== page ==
China's PCD Stores Rises up to 24%
(Bloomberg) — 3i Group Plc, Europe's biggest publicly traded private equity firm, said the pace of its investments in China may increase in the first half after it profited from selling a stake in a Chinese luxury-brands store.
3i is "cautiously optimistic about 2010" and may have "a few deals to announce" by the middle of next year, Anna Cheung, co-head of China operations, said in a telephone interview today.
The private-equity firm sold its stake in PCD Stores (Group) Ltd. for $65 million in the luxury department store operator's HK$2.93 billion ($377 million) initial public offering. The London-based firm invested $31 million in PCD in October 2005.
3i is focusing on taking minority stakes in Chinese consumer and retail companies and those involved in alternative energy, industrial and business services, she said.
"In the first half of 2009, even if you wanted to buy, there was nothing to buy and that's a pretty consistent message for China," Cheung, a partner at London-based 3i, said. "Now, valuation has normalized quite a bit. You can find people that can agree on a price, and both sides see a win-win."
Chinese luxury-goods sales may rise 12 percent this year, according to a study by Bain & Co., with global sales totaling 153 billion euros ($224 billion). Fifteen percent of the 300 directly operated stores that Bain estimates will be opened this year will be in mainland China.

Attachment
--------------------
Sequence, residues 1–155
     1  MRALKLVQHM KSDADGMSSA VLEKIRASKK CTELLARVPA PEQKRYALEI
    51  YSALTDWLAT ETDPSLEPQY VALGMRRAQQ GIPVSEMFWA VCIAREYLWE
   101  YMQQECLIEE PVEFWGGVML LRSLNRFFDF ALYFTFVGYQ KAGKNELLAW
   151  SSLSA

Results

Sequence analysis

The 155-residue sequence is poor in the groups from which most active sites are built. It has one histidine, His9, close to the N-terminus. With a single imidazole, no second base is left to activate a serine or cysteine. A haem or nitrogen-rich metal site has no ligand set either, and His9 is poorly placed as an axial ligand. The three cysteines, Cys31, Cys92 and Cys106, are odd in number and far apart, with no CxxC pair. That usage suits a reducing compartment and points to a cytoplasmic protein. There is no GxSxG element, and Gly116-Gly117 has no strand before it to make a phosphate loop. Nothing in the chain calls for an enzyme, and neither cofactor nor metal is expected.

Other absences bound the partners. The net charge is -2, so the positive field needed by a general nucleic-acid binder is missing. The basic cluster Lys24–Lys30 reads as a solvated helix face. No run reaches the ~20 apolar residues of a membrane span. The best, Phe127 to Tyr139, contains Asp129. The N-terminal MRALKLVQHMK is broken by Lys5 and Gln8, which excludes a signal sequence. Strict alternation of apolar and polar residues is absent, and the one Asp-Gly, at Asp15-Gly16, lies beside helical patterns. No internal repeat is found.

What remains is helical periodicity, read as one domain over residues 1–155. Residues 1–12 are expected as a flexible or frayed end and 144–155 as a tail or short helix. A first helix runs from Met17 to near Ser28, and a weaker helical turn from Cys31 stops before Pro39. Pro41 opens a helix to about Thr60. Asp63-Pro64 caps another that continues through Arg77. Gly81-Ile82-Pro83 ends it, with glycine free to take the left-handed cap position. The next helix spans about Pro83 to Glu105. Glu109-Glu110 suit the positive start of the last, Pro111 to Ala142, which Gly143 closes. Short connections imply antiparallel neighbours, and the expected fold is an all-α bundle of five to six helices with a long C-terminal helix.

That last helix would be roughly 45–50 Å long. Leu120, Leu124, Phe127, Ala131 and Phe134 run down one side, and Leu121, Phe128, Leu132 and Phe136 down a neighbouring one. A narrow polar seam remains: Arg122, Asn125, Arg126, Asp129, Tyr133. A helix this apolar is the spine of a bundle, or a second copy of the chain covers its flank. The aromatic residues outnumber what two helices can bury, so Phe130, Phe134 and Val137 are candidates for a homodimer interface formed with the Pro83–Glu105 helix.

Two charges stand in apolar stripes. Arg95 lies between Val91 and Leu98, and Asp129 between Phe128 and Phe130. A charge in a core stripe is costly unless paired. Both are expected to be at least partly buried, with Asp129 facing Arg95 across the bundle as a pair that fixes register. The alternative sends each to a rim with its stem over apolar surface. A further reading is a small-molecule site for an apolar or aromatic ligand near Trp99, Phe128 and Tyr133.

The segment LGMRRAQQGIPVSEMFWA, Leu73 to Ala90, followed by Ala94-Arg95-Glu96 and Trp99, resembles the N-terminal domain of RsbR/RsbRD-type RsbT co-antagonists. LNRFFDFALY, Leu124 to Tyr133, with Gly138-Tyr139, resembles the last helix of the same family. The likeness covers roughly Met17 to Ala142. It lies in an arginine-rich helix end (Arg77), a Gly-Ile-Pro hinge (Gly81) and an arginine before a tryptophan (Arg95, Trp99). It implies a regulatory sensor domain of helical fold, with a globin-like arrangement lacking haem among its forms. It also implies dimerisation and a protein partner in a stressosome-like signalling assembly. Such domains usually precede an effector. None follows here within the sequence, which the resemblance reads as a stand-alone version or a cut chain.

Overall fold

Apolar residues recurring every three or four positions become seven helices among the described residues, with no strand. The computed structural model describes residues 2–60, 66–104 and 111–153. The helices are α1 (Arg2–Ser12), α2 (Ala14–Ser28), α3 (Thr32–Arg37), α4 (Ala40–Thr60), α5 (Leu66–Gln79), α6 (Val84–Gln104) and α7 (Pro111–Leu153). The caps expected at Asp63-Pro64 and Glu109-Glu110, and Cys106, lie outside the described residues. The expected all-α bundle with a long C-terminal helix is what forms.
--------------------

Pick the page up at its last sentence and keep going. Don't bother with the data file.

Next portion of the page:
Ostentatious"China is about ostentatious consumption," Alfred Chan, chairman of PCD Stores, said in an interview in Hong Kong today. "The Chinese want to get rich, and it's normal to reward themselves for their success, to get a good quality of life. They will spend on luxury products."
China is spending 4 trillion yuan ($586 billion) to boost its economy, focusing on increasing local consumption after trade slumped and manufacturing output slowed. Chinese retail sales rose 15.8 percent in November from a year ago.
"China's growth is unstoppable and their ability to spend will continue to grow," Cheung said. "Some of these consumers, don't know the brands yet. They're like babies. You have to teach them and they have to learn, so there's a lot more room to grow."
3i fell 0.4 percent to 277.1 pence at 10:36 a.m. in London today. The stock has risen 63 percent this year.
To contact the reporter for this story: Wing-Gar Cheng in Hong Kong at firstname.lastname@example.org.